January 31, 2008

"A world at peace they could scarcely remember"

C Northcote Parkinson performed the unusual feat of writing a biography of a fictional character, The Life and Times of Horatio Hornblower: A Biography of C. S. Forester's Famous Naval Hero. It's not a good as the Hornblower books themselves, but it's not bad. Anyway, I happened to pick up my copy recently, and noticed this passage...

...To understand Hornblower's proposal [using explosive shells against wooden ships] and Cornwallis's reaction we have to remember that the senior officers of 1793-1815 had all been trained in the War of American Independence; a war fought between gentlemen on either side. Admiral Rodney had been living in France when war began. Howe had thought it enough to defeat the French, if he could; he did not talk of destroying them. Even Pellew had a great friend among his opponents. He and others retained some sense of chivalry. Thus, a ship-of-the-line in battle never fired at an enemy frigate unless she fired first. The game was played according to the rules; rules which might be broken but which were still held to exist. The French Revolution brought about an abrupt change of atmosphere, there being few gentlemen left on the French side. Some idea of fair play lingered even then but Napoleon lowered the tone still more, aiming now at his enemy's destruction. Some senior officers of the Royal Navy became almost as ruthless, Nelson being the chief of these.

After them, however, came younger men, and Hornblower among them, who had been trained in this particular war. Theirs was a war against the first of the modern dictators. Of the older and more chivalrous warfare they knew nothing. A world at peace they could scarcely remember, having seen it only from the classroom. Among them, moreover, were some, like Cochrane, who had been influenced by the industrial revolution....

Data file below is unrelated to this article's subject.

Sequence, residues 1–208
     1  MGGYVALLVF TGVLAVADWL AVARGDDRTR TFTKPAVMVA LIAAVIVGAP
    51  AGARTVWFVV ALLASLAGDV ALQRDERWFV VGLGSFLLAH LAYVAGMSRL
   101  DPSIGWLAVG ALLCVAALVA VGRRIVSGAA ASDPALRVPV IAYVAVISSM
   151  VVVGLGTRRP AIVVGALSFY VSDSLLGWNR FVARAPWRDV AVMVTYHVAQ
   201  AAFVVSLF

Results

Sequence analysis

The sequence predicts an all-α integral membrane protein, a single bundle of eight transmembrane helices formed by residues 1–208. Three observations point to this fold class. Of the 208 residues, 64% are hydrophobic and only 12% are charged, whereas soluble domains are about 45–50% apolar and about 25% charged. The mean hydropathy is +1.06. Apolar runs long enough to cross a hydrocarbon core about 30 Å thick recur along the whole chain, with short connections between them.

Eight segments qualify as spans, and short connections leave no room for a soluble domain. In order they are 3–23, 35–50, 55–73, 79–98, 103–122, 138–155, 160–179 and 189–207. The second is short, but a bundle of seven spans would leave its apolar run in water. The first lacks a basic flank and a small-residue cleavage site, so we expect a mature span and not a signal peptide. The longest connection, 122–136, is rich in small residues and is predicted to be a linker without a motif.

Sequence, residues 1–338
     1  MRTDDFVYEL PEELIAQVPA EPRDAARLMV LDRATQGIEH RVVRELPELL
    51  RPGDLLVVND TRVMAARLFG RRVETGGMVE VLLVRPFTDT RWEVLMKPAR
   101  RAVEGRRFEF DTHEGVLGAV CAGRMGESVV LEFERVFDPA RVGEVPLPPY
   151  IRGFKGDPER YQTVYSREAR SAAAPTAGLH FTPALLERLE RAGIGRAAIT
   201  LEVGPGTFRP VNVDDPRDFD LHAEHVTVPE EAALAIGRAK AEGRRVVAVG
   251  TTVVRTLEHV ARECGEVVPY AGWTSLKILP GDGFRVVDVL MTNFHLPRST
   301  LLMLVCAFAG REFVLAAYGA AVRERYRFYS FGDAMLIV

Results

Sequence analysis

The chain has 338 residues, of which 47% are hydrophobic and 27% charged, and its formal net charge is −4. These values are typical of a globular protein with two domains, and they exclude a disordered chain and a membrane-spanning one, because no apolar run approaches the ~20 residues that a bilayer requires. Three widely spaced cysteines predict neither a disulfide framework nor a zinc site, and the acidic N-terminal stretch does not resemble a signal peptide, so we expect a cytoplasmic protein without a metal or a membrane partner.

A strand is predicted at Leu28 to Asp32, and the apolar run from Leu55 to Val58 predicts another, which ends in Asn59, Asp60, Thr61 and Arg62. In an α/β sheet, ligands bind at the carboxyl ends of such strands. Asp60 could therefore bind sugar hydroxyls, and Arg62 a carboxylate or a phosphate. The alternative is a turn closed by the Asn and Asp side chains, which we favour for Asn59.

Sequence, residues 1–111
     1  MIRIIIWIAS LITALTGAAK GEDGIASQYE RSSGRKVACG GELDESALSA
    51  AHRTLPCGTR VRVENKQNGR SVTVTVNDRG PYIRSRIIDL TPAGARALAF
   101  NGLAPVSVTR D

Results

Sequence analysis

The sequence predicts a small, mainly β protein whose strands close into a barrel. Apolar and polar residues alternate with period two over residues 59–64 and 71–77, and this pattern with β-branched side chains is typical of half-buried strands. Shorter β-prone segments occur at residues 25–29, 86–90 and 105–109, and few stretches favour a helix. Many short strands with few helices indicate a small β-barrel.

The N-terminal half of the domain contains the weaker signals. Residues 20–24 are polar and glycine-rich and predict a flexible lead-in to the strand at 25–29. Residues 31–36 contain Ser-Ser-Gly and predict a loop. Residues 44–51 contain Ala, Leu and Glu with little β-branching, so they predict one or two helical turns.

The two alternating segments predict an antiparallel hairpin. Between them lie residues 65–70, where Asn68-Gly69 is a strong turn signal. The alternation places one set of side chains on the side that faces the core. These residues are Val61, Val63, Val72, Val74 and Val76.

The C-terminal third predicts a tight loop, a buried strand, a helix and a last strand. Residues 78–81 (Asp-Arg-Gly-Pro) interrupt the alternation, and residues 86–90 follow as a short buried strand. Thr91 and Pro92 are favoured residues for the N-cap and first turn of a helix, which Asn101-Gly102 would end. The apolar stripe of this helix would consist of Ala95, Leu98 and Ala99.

This is accurate history, and is similar to what has happened in other wars. The American Civil War is a good example. And thinking about this gives me a certain feeling of optimism about our long-term prospects in the Global War on Jihadism.

We are in this war, and are now hobbled in fighting it, because of a variety of stupid leftist and fake-pacifist and "realist" ideas . Such as that jihadism is no big deal as long as they are just killing Jews. Or that the arhabis have legitimate grievances that can be appeased or placated.

But it seems to me likely that the young officers and troops now serving around the globe are going to be a lot more clear-sighted about things. And they are the leaders of the future. They will be much more willing to take the gloves off and destroy the enemy.

Oh, and by the way, by "destroy the enemy" I do not primarily mean by slaughter and mayhem, although those will be necessary (and merciful and Christian) at the proper times. Much more I mean the sort of thing we are doing right now in IRAQ, fostering democracy, economic freedom, and globalization, in alliance with the local population. These are weapons of the war. And their value is clearly demonstrated by how much our enemies HATE them. Jihadis, tyrants, fake-liberals, fake-pacifists, and nihilists of every stripe, are UNITED in their hatred for the possibility of Iraqis and Afghans, and other oppressed peoples becoming free and prosperous allies of the United States. That alone is enough to tell me that we are on the right course, and to say, "Thank you President Bush, for doing the right things."

    Posted by John Weidner at January 31, 2008 10:01 AM
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